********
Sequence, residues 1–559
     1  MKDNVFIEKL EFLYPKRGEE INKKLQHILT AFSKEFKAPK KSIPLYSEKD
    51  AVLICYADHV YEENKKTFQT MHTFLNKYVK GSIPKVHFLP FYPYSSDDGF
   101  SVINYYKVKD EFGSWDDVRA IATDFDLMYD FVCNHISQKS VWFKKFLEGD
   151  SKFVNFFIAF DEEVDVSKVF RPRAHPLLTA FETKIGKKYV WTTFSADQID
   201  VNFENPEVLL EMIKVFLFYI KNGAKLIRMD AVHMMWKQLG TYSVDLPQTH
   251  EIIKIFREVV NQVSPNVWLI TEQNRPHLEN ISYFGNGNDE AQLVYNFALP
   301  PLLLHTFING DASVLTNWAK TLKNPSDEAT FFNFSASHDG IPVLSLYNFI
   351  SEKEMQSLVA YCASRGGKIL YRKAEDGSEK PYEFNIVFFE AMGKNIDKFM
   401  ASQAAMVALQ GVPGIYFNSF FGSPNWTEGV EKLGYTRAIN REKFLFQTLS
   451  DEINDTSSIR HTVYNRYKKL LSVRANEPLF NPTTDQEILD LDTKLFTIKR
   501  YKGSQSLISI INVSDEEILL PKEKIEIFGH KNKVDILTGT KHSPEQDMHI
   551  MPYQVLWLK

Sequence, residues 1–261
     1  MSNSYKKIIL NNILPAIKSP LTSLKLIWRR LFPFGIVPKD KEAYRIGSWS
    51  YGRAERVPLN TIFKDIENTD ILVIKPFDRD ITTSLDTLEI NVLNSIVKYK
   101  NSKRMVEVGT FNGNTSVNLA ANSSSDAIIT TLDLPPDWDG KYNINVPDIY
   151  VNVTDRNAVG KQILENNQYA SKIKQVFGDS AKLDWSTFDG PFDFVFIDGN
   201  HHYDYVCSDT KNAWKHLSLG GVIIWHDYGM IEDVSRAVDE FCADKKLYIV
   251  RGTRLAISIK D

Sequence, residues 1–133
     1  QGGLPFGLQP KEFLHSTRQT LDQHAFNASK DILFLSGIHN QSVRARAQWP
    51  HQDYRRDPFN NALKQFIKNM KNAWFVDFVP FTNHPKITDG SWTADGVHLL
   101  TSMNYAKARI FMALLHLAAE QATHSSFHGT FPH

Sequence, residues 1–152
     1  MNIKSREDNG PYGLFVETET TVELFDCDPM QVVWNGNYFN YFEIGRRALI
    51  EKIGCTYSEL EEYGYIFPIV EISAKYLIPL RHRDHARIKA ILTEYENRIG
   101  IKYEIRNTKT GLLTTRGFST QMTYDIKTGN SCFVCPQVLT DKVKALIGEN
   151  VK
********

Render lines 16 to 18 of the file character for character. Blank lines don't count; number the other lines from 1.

    51  YGRAERVPLN TIFKDIENTD ILVIKPFDRD ITTSLDTLEI NVLNSIVKYK
   101  NSKRMVEVGT FNGNTSVNLA ANSSSDAIIT TLDLPPDWDG KYNINVPDIY
   151  VNVTDRNAVG KQILENNQYA SKIKQVFGDS AKLDWSTFDG PFDFVFIDGN